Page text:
to the metadata schema, we see this selector here which specifies the MIME type or URL
pattern of documents for this wrapper so the system can know which wrapper to use for this
kind of documents. And we have those extraction rules. Here, we use the XPath parser but its
not limited XPath. We also have PDF parser, like, HTML parser, XML parser. This is a wrapper
for Yahoo Buzz search and Bing search, and Slashdot search. They are not very different
from each other, except for different extraction rules. And in the compilation time, those
types defined by wrappers, they are translated and they are compiled into programming language
types which we call metadata classes. Like, we support different kinds of languages. Here
shows a Java class for search result, and also this is a C Sharp version of search.
And these metadata classes serve as mapping between the metadata semantics in documents
to your application like active domain objects. At runtime, the system selects the given URL.
The system selects the appropriate wrapper for that document, extract the metadata semantics
and detect actions on extracted metadata objects. Those objects are just ordinary programming
language objects like defined here. So you can use them in your application. The–those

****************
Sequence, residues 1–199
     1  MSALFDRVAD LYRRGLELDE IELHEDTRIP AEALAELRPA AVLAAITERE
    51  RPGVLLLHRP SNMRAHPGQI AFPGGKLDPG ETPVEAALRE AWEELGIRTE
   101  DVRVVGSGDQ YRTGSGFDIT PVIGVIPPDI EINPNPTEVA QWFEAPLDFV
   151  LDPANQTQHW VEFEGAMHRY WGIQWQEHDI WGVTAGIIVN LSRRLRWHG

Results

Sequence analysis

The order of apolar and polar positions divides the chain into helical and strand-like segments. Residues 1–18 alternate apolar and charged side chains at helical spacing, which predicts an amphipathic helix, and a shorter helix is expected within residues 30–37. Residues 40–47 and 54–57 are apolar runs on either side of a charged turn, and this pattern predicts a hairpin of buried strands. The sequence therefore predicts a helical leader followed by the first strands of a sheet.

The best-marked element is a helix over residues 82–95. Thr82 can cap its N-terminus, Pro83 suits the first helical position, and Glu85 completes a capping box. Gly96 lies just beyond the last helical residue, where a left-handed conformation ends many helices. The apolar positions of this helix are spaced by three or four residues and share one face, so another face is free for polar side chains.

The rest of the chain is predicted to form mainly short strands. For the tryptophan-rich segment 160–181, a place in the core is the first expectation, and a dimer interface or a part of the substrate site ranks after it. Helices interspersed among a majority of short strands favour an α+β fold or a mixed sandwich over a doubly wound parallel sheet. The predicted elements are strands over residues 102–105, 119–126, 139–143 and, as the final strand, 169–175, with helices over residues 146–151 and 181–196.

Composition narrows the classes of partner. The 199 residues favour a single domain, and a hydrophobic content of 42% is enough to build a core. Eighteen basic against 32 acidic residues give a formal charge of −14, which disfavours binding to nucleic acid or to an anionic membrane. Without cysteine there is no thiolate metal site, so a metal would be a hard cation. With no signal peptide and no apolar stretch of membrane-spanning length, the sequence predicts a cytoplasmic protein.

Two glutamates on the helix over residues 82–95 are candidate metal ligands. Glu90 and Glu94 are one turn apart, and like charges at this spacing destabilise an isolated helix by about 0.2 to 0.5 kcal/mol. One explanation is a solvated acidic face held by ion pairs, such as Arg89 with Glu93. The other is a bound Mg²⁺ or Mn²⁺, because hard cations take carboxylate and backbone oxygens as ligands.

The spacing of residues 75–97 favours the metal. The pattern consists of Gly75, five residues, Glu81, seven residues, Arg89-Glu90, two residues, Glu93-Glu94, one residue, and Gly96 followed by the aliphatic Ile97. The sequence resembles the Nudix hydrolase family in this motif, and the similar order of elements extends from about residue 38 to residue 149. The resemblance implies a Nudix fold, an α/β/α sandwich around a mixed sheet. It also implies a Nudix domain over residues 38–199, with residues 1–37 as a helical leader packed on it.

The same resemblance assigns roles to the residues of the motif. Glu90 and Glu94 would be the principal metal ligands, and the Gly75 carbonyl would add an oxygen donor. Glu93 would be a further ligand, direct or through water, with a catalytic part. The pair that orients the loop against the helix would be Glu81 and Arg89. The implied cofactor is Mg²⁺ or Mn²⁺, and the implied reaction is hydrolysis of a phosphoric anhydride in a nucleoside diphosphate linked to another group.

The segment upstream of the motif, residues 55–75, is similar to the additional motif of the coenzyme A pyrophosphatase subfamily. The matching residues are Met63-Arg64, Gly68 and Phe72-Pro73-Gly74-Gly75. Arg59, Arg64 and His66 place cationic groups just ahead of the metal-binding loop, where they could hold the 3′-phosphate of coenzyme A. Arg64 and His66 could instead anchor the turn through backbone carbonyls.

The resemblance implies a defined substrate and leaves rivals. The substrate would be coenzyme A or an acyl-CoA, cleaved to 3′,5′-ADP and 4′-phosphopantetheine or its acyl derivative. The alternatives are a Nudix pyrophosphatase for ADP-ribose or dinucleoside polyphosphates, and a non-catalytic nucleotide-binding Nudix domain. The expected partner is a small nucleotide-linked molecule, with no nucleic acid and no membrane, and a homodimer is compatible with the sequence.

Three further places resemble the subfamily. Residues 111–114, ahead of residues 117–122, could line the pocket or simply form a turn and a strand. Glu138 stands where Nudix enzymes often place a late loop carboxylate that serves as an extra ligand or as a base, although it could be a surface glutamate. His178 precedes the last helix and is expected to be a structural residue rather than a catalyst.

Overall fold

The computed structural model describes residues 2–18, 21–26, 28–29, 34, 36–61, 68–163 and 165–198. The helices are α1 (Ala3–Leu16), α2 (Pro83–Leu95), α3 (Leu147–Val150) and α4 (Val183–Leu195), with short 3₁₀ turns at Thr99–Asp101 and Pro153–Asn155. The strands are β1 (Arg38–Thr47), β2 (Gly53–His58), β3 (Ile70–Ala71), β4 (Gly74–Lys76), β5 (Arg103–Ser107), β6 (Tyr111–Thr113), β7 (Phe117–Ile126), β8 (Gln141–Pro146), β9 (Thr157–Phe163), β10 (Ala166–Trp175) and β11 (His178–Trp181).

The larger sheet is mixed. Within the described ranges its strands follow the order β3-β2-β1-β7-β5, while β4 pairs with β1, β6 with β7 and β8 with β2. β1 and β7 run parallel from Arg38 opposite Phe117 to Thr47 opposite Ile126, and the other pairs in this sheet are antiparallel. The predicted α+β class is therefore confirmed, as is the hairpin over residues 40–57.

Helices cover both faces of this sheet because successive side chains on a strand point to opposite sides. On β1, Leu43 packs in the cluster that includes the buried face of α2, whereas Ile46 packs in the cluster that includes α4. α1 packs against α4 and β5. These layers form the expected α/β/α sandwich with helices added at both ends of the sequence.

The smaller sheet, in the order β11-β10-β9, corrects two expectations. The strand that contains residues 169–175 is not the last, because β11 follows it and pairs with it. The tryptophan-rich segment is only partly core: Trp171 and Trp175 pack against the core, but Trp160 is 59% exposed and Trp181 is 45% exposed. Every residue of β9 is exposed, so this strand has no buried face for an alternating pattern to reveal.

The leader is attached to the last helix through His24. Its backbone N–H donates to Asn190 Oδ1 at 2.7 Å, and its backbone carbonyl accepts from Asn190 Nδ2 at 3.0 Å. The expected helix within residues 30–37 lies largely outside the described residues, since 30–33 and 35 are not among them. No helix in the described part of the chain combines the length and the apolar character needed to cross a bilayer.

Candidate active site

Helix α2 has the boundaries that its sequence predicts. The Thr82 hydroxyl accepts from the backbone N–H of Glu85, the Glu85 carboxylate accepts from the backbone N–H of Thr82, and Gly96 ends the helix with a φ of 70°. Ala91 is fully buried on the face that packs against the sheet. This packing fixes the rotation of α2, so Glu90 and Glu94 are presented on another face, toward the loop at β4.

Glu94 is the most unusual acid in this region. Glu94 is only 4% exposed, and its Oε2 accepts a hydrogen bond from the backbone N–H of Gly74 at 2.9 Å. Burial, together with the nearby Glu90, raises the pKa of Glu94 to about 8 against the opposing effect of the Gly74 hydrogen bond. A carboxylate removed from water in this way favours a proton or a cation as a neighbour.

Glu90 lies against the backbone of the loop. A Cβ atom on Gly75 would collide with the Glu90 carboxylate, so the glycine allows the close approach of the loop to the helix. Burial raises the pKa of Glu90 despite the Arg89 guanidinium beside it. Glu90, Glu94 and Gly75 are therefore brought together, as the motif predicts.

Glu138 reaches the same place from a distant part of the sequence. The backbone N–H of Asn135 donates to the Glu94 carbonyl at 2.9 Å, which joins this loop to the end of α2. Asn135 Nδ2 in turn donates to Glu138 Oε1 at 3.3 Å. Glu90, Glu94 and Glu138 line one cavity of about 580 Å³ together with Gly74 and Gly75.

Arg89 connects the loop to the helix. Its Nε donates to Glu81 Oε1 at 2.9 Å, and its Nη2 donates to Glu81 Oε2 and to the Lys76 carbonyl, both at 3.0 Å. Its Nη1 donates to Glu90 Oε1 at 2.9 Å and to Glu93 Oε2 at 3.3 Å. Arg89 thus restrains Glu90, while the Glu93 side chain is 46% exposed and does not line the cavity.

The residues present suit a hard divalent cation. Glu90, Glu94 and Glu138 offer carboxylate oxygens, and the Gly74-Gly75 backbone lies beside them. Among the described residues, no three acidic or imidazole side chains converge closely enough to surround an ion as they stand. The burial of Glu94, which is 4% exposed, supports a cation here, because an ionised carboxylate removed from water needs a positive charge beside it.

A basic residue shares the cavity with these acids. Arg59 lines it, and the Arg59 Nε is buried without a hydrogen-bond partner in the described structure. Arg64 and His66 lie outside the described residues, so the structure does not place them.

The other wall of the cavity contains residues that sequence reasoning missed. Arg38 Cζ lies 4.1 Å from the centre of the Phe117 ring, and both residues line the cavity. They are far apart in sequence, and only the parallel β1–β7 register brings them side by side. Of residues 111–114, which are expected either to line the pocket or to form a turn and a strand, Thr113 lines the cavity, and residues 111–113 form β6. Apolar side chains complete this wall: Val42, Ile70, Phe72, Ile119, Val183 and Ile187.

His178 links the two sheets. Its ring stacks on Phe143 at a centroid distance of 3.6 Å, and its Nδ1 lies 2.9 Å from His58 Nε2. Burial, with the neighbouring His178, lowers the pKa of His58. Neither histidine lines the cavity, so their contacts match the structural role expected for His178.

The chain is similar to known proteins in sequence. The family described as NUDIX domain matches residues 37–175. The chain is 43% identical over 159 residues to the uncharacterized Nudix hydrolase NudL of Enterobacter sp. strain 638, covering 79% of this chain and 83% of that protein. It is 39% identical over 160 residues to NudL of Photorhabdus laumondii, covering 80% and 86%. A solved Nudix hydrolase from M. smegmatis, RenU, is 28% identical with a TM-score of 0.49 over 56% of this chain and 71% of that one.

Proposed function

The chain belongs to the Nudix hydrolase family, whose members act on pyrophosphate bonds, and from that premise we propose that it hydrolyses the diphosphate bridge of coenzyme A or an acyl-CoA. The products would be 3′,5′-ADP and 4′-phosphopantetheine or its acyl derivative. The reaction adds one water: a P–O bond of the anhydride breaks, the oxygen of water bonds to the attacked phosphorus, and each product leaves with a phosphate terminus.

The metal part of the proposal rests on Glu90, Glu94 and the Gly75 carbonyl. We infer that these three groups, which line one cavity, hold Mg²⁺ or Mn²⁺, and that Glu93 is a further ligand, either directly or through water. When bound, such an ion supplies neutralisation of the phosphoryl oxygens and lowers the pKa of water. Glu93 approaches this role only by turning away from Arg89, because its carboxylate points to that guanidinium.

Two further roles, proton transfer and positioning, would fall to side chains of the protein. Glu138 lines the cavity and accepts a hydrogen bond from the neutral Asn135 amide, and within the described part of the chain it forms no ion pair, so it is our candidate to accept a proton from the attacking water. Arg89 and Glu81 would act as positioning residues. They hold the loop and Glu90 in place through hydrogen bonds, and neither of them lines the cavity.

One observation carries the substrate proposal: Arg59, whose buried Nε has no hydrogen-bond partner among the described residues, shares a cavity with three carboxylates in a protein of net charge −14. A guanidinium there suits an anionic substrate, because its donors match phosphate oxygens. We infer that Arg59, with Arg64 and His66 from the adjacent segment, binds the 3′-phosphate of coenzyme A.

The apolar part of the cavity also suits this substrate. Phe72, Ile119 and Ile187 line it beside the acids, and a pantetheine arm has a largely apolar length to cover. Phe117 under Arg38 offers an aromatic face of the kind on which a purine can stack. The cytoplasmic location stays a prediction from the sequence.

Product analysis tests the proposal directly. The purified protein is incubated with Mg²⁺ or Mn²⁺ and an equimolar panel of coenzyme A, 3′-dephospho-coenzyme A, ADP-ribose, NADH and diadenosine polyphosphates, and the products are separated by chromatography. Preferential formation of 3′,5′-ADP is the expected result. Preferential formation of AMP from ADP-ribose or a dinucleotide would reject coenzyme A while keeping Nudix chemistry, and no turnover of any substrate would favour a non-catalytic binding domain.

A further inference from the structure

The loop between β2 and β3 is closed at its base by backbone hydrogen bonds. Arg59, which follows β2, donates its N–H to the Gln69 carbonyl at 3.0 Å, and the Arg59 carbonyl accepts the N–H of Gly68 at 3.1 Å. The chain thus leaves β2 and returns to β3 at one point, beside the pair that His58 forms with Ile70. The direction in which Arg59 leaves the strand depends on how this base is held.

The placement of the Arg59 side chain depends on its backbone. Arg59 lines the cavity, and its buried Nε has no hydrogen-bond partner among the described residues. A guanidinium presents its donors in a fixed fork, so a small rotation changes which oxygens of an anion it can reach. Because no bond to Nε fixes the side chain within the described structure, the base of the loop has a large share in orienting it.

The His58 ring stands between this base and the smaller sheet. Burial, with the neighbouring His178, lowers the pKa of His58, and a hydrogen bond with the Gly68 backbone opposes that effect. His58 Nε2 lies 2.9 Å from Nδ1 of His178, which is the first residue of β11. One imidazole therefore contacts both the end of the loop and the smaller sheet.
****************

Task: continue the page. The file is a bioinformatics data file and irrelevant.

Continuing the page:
objects can also be serialize into different forms like XML or JSON and transfer through
network or other medium and deserialized in another system or language. So the semantics
can transfer across the system boundaries. And you can also render them into HTML with
micro data embedded. Here shows an example of the rendered HTML in which search results
from different engines are integrated together. And we think that Meta-Metadata transforms
the web into a ecosystem of interoperable metadata semantics, so that you do not rely
on publishers to publish those former semantics for you to use. You can just extract them
and it supports the application development by helping you to extract metadata semantics
and transfer them between systems. So, it also comes with a reusable repository, so
you can reuse those schema and the extraction rules defined by other people there. It is